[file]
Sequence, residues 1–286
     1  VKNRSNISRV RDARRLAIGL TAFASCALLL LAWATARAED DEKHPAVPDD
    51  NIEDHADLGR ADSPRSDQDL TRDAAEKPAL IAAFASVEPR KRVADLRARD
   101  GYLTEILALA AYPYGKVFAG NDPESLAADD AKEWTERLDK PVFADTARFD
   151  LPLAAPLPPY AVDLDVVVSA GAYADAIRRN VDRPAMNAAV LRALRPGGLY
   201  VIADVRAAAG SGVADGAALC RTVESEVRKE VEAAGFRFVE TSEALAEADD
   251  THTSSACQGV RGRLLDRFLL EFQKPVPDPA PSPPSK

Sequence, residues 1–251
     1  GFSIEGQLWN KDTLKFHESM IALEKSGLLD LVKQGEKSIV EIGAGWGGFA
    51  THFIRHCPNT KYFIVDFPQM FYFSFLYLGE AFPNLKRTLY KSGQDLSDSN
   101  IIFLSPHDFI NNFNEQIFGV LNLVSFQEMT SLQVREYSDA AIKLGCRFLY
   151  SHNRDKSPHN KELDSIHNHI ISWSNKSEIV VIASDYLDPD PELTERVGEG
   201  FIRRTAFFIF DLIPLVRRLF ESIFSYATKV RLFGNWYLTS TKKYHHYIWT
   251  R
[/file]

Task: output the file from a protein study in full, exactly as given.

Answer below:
Sequence, residues 1–286
     1  VKNRSNISRV RDARRLAIGL TAFASCALLL LAWATARAED DEKHPAVPDD
    51  NIEDHADLGR ADSPRSDQDL TRDAAEKPAL IAAFASVEPR KRVADLRARD
   101  GYLTEILALA AYPYGKVFAG NDPESLAADD AKEWTERLDK PVFADTARFD
   151  LPLAAPLPPY AVDLDVVVSA GAYADAIRRN VDRPAMNAAV LRALRPGGLY
   201  VIADVRAAAG SGVADGAALC RTVESEVRKE VEAAGFRFVE TSEALAEADD
   251  THTSSACQGV RGRLLDRFLL EFQKPVPDPA PSPPSK

Sequence, residues 1–251
     1  GFSIEGQLWN KDTLKFHESM IALEKSGLLD LVKQGEKSIV EIGAGWGGFA
    51  THFIRHCPNT KYFIVDFPQM FYFSFLYLGE AFPNLKRTLY KSGQDLSDSN
   101  IIFLSPHDFI NNFNEQIFGV LNLVSFQEMT SLQVREYSDA AIKLGCRFLY
   151  SHNRDKSPHN KELDSIHNHI ISWSNKSEIV VIASDYLDPD PELTERVGEG
   201  FIRRTAFFIF DLIPLVRRLF ESIFSYATKV RLFGNWYLTS TKKYHHYIWT
   251  R